Urban "Design" Cures All
Donald Pittenger writes: Dear Blowhards --- James Lileks is one of the very best writers on the Web and from time to time he dishes out what his blog calls "Bleats" about architecture and the urban environment. Just in case you missed it, today's post is an in-depth fisking of interview remarks by Thomas Fisher, dean of the new School of Design at the University of Minnesota. Go to the link and scroll past the first four paragraphs (dealing with another subject) and begin reading at the boldface line starting "I read the editorial pages...". Here's a sample: [Fisher:] " - I asked if the problem was housing or train or transportation. They said it was all of those. They [homeless teenage mothers] can't get from affordable hosing to day care to a job and back again because we've designed a bus system for the benefit of the operators (??), housing at the behest of zooming code and jobs that require a car, which people can't afford. This is a classic design problem." [Lileks:] Well. As the adage has it, if all you have is a degree in Design, everything looks like a design problem. You, bus driver operator! Move that route closer to the teenaged unwed mother's house! You there, subsidized day-care - shimmy over a mile to the left and a few versts the south, so the teenaged unwed mother can take the bus to your place without having to transfer. You there, "supplier" of jobs, even though you merely leech off the labor of others and turn the profit into a smooth cream you rub on your spats-chafed ankles - move the jobs into the city near the teenage unwed mother's house and daycare. Enjoy. Later, Donald... posted by Donald at March 5, 2007 | perma-link | (10) comments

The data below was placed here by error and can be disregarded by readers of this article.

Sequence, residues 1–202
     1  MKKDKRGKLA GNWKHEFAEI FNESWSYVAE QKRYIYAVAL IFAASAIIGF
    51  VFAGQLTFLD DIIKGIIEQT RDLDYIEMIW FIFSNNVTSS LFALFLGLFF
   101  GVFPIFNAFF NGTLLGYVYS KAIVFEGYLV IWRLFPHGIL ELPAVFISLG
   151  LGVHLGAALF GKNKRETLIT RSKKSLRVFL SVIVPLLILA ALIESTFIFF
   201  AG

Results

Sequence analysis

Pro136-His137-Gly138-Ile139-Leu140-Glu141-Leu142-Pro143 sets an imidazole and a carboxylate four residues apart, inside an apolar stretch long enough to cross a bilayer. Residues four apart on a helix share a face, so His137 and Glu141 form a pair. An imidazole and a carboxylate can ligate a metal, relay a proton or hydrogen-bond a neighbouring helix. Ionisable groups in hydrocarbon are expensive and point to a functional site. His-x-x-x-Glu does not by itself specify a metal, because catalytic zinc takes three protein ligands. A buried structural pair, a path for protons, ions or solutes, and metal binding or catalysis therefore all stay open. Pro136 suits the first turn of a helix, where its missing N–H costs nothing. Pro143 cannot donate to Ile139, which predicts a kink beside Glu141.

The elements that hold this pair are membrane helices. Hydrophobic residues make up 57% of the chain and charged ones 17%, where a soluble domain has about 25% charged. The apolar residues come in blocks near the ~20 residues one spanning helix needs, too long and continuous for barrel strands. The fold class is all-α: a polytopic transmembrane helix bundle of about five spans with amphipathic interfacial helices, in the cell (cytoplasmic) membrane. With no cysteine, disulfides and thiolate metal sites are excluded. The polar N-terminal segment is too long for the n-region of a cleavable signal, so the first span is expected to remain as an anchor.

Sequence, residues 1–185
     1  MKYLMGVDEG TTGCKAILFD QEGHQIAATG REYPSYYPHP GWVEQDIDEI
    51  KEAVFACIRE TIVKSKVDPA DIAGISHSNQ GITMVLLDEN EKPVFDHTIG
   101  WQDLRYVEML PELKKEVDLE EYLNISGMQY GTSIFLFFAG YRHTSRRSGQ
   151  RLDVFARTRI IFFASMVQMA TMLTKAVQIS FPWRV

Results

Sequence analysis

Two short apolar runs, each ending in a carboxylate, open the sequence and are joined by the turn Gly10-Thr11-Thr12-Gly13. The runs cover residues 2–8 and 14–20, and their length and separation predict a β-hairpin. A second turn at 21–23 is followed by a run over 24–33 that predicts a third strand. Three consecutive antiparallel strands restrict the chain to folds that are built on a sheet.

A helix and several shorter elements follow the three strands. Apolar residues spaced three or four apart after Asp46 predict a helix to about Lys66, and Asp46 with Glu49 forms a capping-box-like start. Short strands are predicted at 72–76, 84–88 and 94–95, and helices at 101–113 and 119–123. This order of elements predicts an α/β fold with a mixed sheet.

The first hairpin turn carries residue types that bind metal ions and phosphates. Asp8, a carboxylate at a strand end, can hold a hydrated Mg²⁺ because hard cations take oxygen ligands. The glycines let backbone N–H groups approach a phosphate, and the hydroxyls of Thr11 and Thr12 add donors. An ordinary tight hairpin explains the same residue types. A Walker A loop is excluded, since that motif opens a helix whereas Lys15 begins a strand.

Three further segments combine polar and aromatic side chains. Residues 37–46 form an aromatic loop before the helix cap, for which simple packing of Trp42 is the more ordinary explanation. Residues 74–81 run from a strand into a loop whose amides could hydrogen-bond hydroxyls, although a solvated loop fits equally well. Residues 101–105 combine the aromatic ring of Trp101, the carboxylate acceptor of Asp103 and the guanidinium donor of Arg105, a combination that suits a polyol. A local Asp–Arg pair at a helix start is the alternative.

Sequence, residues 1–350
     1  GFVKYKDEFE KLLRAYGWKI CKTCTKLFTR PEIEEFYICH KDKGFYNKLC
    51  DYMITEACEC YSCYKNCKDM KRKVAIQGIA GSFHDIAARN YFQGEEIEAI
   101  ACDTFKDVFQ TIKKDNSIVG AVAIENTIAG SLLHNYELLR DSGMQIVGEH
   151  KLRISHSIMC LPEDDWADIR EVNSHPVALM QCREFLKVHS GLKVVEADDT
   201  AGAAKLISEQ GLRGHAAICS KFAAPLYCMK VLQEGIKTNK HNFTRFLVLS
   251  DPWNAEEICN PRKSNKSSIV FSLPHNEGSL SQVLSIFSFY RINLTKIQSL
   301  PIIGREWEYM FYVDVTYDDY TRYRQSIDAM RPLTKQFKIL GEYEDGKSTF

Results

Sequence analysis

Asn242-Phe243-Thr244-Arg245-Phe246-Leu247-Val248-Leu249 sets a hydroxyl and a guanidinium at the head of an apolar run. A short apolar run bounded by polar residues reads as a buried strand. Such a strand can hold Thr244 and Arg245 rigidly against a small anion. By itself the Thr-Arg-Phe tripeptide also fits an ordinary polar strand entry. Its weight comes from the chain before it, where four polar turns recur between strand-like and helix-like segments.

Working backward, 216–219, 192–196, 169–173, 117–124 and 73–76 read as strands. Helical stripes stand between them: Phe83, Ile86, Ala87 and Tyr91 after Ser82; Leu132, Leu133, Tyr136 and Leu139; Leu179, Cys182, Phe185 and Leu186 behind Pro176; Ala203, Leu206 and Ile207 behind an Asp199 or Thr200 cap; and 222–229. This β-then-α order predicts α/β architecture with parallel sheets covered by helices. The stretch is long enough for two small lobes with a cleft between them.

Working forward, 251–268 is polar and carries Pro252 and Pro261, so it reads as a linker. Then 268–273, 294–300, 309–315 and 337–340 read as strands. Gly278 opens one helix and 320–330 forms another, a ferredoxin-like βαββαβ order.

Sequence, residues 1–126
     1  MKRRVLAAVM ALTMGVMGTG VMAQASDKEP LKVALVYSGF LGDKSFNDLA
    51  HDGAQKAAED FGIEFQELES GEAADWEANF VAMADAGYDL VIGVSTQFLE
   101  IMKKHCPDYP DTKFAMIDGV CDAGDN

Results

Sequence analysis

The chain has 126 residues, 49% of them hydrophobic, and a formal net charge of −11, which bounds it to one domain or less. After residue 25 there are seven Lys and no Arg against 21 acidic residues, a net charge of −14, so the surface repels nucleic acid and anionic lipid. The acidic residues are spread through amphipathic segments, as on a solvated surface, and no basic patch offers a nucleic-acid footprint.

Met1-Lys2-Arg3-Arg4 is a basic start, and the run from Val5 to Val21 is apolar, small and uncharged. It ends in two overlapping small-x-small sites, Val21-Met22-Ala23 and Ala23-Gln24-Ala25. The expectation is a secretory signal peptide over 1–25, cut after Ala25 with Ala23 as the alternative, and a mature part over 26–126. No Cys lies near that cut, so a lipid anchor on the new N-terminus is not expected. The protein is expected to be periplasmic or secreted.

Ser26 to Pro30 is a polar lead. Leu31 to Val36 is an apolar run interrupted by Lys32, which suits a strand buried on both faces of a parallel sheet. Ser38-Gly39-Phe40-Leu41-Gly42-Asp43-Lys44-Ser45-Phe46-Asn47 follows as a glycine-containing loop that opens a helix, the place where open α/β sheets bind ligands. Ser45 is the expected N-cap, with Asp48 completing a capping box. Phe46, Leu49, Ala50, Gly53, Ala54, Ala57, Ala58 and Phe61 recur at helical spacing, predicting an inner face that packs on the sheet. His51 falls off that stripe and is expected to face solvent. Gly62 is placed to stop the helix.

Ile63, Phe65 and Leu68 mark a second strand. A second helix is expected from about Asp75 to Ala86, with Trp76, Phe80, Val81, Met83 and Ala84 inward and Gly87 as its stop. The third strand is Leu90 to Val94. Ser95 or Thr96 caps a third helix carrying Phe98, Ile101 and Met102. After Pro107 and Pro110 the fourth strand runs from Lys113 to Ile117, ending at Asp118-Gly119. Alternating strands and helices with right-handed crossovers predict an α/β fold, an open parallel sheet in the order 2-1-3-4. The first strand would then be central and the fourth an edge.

Charlton's Choices